I haven't found any example which uses perspective camera in LibGDX(OpenGL ES 2.0). How to initiate it and use it in render method? Any help will be appreciated!

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To some extent you can use a perspective camera as the ortho camera (to set position, look at, up vector). The one big difference is that the viewport size (what you see on screen) is determined by the distance to the object and the field of view angle. There is plenty of theory around the web, but to get started in libgdx you can follow this example

EDIT: Example provided uses GL 1.x I thought you just didn't know how to use a perspective camera. You mixed up two different problems.

  1. How to manipulate cameras (varies with camera type, regardless of GL version),
  2. How to apply cameras (varies with GL version, regardless of camera type).

To complete my answer, once you updated your camera (cam.update) insted of calling camera.apply(Gdx.gl10); you give the matrix to your shader - it will depend on your shader, but the simplest case would be something like this:

shader.setUniformMatrix("u_modelviewporj_mat", cam.combined);
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  • How to use it in render method? In resize method I init it like below: float aspectRatio = (float) width / (float) height; camera = new PerspectiveCamera(67, 2f * aspectRatio, 2f); Then I rotate, translate it etc. in render method. How can I apply it? It requires GL10 but I need GL20. It has no any effect – Nolesh Dec 18 '12 at 14:27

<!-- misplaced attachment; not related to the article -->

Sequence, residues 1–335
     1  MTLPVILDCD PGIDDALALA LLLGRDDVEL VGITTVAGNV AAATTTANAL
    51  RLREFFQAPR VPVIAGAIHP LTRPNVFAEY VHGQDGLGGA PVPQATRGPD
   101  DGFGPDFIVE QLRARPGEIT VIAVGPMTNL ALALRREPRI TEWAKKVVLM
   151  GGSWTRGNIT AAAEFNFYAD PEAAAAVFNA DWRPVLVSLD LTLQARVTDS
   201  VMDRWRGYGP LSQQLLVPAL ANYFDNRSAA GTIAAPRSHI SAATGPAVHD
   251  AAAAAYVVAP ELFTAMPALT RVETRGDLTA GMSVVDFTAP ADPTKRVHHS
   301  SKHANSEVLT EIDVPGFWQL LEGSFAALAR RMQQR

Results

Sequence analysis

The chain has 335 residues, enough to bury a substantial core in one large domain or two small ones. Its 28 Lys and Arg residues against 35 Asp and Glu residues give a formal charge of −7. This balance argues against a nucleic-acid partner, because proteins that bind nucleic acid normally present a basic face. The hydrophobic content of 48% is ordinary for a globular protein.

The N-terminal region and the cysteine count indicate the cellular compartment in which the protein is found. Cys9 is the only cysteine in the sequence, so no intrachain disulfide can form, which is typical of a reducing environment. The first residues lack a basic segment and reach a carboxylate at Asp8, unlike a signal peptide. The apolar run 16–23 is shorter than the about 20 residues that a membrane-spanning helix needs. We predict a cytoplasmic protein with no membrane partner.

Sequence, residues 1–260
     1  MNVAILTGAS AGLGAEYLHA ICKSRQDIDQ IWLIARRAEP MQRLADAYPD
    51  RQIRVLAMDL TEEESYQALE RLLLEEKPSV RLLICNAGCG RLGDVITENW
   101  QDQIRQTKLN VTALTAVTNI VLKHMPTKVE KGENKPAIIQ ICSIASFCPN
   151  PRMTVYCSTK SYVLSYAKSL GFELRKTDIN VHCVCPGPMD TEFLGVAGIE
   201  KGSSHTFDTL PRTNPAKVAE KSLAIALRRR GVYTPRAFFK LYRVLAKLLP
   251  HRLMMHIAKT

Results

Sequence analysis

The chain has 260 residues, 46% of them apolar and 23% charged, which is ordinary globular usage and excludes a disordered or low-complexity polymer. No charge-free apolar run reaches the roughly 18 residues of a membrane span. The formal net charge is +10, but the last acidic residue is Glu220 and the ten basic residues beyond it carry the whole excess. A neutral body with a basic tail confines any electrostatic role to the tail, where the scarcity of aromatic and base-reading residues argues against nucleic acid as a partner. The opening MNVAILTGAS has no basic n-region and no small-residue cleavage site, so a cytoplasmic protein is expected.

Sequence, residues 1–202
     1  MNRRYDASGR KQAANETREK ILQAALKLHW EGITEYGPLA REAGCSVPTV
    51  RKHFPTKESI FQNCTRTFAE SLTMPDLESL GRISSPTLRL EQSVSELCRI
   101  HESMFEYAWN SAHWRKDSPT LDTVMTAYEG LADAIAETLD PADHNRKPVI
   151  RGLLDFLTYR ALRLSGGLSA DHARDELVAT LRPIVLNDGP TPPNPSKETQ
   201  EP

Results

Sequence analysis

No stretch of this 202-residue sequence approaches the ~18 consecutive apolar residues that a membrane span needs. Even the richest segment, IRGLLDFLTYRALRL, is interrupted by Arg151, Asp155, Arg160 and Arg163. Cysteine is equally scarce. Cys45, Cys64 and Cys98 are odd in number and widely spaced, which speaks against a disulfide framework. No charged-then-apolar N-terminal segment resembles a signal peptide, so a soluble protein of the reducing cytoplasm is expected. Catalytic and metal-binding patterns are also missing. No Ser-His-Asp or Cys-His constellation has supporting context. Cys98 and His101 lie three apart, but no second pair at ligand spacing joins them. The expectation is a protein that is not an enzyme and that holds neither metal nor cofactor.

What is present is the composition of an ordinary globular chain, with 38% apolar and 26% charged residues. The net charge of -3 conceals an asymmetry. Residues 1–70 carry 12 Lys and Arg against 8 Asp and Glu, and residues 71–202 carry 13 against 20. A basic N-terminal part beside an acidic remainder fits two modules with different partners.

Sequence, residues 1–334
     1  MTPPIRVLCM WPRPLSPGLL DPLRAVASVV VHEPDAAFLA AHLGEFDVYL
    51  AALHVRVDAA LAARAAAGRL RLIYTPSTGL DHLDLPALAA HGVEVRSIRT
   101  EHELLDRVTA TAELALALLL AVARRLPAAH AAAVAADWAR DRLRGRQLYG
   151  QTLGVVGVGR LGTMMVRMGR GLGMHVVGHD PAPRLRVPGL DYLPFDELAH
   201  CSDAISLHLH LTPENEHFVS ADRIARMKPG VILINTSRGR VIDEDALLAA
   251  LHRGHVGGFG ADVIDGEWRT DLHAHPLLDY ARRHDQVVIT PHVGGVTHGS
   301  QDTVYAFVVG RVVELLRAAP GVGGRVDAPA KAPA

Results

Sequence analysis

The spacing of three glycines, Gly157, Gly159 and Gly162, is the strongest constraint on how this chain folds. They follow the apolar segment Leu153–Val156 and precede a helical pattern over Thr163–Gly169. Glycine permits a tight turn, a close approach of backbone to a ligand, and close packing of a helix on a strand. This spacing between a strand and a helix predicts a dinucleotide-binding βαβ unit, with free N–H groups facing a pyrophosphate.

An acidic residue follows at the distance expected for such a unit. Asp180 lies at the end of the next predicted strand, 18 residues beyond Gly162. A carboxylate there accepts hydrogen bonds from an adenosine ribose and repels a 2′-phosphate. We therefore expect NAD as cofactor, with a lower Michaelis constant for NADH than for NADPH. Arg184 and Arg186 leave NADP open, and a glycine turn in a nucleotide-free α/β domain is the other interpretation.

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    To apply it in OpenGL20, you have to update it - cam.update()-, and then pass it to the shader (just like the ortho cameras). The model view projection matrix would be cam.combined – aacotroneo Dec 18 '12 at 14:30
  • If you don't know how to use an Ortho camera in GLES 2.0 either, may be you should edit your question and ask how to use cameras in GLES 2.0, because there are no differences between using an ortho or perspective camera in GLES 2.0. – aacotroneo Dec 18 '12 at 14:42
  • There are many examples with libGdx cameras, but they are used in GLES 1.0 - 1.1. Thank you for your first comment! It's useful and perhaps answer on my question! – Nolesh Dec 18 '12 at 14:53
  • You are welcome! I'm glad it helped, I edited my answer to clarify and differentiate both problems – aacotroneo Dec 18 '12 at 15:14

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